Among wordsmiths there was no one in P.K. Ghosh’s league. In his line of work there will never be anyone like him, ever. Hyperbolic elegies of this variety are reminiscent of the music critic who, when asked whom he considered the greatest pianist of the previous century, said: ‘Vladimir Horowitz was the greatest pianist ever’, and then added: ‘No, I’m being too pusillanimous in not including pianists yet unborn.’ The critic’s falsehood in so easily disposing off the claims of Richter, Rubinstein, etc. with enthusiasm of such singularity is less to the point than the truth of sentimental excess when describing a craftsman nearly incomparable.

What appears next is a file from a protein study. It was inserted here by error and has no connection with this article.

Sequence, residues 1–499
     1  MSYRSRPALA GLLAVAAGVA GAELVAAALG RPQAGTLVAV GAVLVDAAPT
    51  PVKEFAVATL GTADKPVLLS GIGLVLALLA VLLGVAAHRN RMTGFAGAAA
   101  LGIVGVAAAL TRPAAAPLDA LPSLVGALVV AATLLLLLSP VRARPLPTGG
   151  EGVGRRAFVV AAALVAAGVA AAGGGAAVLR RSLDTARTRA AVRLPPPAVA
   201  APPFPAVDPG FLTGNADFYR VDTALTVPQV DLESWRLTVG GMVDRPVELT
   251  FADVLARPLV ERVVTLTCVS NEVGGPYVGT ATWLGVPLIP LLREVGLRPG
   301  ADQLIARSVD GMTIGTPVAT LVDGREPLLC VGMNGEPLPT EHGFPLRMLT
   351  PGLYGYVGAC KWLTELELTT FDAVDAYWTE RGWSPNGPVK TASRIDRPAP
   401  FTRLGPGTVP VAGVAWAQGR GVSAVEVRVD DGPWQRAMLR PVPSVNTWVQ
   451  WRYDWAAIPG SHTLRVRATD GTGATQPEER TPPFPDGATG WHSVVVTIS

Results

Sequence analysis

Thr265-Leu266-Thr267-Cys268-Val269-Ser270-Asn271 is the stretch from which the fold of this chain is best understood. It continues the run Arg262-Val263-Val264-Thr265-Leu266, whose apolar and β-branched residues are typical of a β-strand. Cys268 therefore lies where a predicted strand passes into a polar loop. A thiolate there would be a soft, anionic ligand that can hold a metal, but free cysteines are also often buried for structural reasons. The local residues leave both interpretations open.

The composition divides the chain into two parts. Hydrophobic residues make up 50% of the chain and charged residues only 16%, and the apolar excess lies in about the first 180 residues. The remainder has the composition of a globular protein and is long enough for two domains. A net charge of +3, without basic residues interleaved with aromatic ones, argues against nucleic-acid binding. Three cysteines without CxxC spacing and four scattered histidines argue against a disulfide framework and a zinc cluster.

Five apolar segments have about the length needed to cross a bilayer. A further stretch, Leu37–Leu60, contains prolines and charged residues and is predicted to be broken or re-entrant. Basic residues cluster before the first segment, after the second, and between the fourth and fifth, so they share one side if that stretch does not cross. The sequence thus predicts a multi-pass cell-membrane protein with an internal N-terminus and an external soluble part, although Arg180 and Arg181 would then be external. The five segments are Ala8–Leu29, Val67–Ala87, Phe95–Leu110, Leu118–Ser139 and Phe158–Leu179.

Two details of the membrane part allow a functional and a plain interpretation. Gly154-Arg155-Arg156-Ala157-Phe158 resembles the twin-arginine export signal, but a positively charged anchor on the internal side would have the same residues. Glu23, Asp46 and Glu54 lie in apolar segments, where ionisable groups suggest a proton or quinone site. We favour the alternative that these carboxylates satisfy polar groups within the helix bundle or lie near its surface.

India has had a tradition of scholar-printers. The missionary Bartholomaeus Zeigenbalg, celebrated recently in a biography by Professor Brijraj Singh, was the first of these. The scholar-librarian B. S. Kesavan, in his (incomplete) three-volume History of Indian Publishing, celebrates others such as the scholar-printer-teachers Carey, Halhed, Marshman and Ward of Fort William. If Kesavan had lived long enough to finish his history, P. K. Ghosh would have featured as the last in this tradition. Ghosh, like Kesavan, knew everything about the history of his profession, not just its everyday requirements. If you asked him which of Conon Doyle’s works drew inspiration for its title from a typeface, he would know it was The Hound of the Baskervilles, that the Strand Magazine issues of 1891–93 were set in the Baskerville typeface, that the Sherlock Holmes stories were first serialized there, and that the book derived its name in this eccentric manner. He knew about the origins of typographical elegance—about Nicholaus Jenson, the father of typesetting, about Claude Garamond (1490–1561), Giambattista Bodoni (b. 1740), and the two best-known classic English typecasters, William Caslon (b. 1692) and John Baskerville (1706–75).